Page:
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Marguerite Heyns - Blog 1: First Impressions of Bangladesh

Marguerite Heyns - Blog 1: First Impressions of Bangladesh

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I’ve been living in Bangladesh for more than three months now and this is my first blog post. I could make up a million excuses chronicling why I’ve been so reluctant to share my experience, but what it boils down to is an inadequacy of words. Anything and everything I’ve attempted to write feels like it’s second hand. I still don’t feel like I could make an accurate judgment or convey the breadth of this country—but then again no one can. Instead I am just going to write, and likely ramble, and tell you about intern life in the world’s least habitable city.

My work has been my oasis from the beginning. The start of my life in Dhaka was hardly pleasant, I was living in a cockroach infested apartment, with giant holes in the walls, bathrooms that had never seen the sight of Lysol, and a vigilant apartment committee dead set on kicking myself and the other male, unmarried intern out of the building. Not to mention it’s location, right in the heart of downtown Dhaka. Even as I’m writing these words, I am painfully aware of their insignificance. I cannot personify it. Nothing can compare to that experience. Work was the absolute opposite.

RMMRU is an incredible organization. I have had some pretty amazing jobs during my life—I worked in the teen program at Community Living Victoria for many years, I started my own jewelry company, and I was a camp counselor at an overnight camp in the rockies—but nothing comes close to touching this job. I have never felt more respected, valued, and fulfilled. It is wonderful.

I think a great organization is really made by the people. The work comes secondary. Don’t get me wrong, every single person at RMMRU is dedicated and passionate about the migration issues they battle every day, but I could work on anything with these people and it would be magic.

Unlike other NGOs in this country, RMMRU isn’t a particularly hierarchical organization. Employees, and even interns, are trusted to do the work they are engaged in. Ideas flow freely, and collaboration is integrated into each and every project. Most importantly, everyone is respected, and everyone’s input is valued, and the product is incredible. Solutions are synthesized collectively, and I love it.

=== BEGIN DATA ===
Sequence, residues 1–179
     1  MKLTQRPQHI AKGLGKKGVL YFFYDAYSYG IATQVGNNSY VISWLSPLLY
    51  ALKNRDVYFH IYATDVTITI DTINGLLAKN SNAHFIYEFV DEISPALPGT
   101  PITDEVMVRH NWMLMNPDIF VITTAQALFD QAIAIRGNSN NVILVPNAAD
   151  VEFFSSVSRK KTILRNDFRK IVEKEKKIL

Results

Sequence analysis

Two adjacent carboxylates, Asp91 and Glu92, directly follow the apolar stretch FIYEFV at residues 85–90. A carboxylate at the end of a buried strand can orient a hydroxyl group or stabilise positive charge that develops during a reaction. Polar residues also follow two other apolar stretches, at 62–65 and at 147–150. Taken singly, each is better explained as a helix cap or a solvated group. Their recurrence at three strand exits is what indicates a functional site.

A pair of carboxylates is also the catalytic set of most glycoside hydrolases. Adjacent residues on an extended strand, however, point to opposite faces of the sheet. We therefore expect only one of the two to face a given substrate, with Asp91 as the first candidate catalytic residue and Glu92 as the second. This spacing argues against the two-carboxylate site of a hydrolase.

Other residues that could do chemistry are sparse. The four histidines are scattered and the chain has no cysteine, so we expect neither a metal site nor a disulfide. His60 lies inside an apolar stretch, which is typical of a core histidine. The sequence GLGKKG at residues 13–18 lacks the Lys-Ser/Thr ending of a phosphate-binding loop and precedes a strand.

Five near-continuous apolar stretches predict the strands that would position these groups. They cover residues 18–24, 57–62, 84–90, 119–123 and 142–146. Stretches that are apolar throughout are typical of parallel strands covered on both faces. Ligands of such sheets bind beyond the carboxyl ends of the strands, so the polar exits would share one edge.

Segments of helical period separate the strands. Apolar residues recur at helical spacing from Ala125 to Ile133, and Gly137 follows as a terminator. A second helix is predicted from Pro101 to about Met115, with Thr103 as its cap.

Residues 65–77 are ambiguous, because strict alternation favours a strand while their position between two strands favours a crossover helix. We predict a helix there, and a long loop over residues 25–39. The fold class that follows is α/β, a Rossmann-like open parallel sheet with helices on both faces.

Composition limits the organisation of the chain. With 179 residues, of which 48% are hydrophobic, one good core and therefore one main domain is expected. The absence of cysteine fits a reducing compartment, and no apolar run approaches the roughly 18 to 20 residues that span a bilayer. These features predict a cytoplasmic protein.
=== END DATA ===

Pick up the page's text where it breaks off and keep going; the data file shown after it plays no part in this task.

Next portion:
Coming from a Biology background, I was seriously worried about my usefulness to this organization at first. Sure, I had taken a few development-focused courses here and there throughout my degree, but I was working with some of the most respected international relations and political science professors in the country. What input could I possibly contribute?

My fears dissipated nearly instantaneously. From my first week I was included in everything: from consultation on upcoming projects, to high stakes meetings with the International Labour Organization, to program deployment in the field. And what’s more remarkable— my input was valued. I was able to bring new perspective to issues and integrate approaches that hadn’t been suggested in the past. I had the opportunity and the skills to establish an accessible social network for my organization. Not only was I contributing to upcoming and ongoing projects, but I was helping to shape them. I came here not expecting to have a big impact. Over the past decade, development has become increasingly aware of its very problematic traditional paternalistic deployment of help. As a white woman from a privileged background, I was acutely aware of my identity entering into this sector. I was dead set on being as unassuming as possible. I knew that this experience would change me, but I had no aspirations to make any significant changes or contributions myself. And maybe I haven’t, and maybe when I leave everything will be same as it has always been, but I don’t think so. I’m not done yet, but my experience so far tells me that I’ve had an impact. More importantly, I’ve been impacted, and I will carry these lessons and insights with me forever.

(Myself participating in group discussions during RMMRU's workshop on Climate Change and Migration in Bangladesh, in Dhaka this past May) 

(A local Migrants Rights Protection Committee meeting near Chittagong, MRPCs are one of the many programs implemented by RMMRU to connect policy with practice in Bangladesh)

Today I’m conducting my first podcast. I’ll be interviewing one of the most incredible women I’ve met during my time here in Bangladesh. She is a recent graduate that started an organization to build the capacity of one of the most marginalized minority groups in Bangladesh—the Hijra people. I am beyond excited, and cannot wait to share her passion and determination with all of you.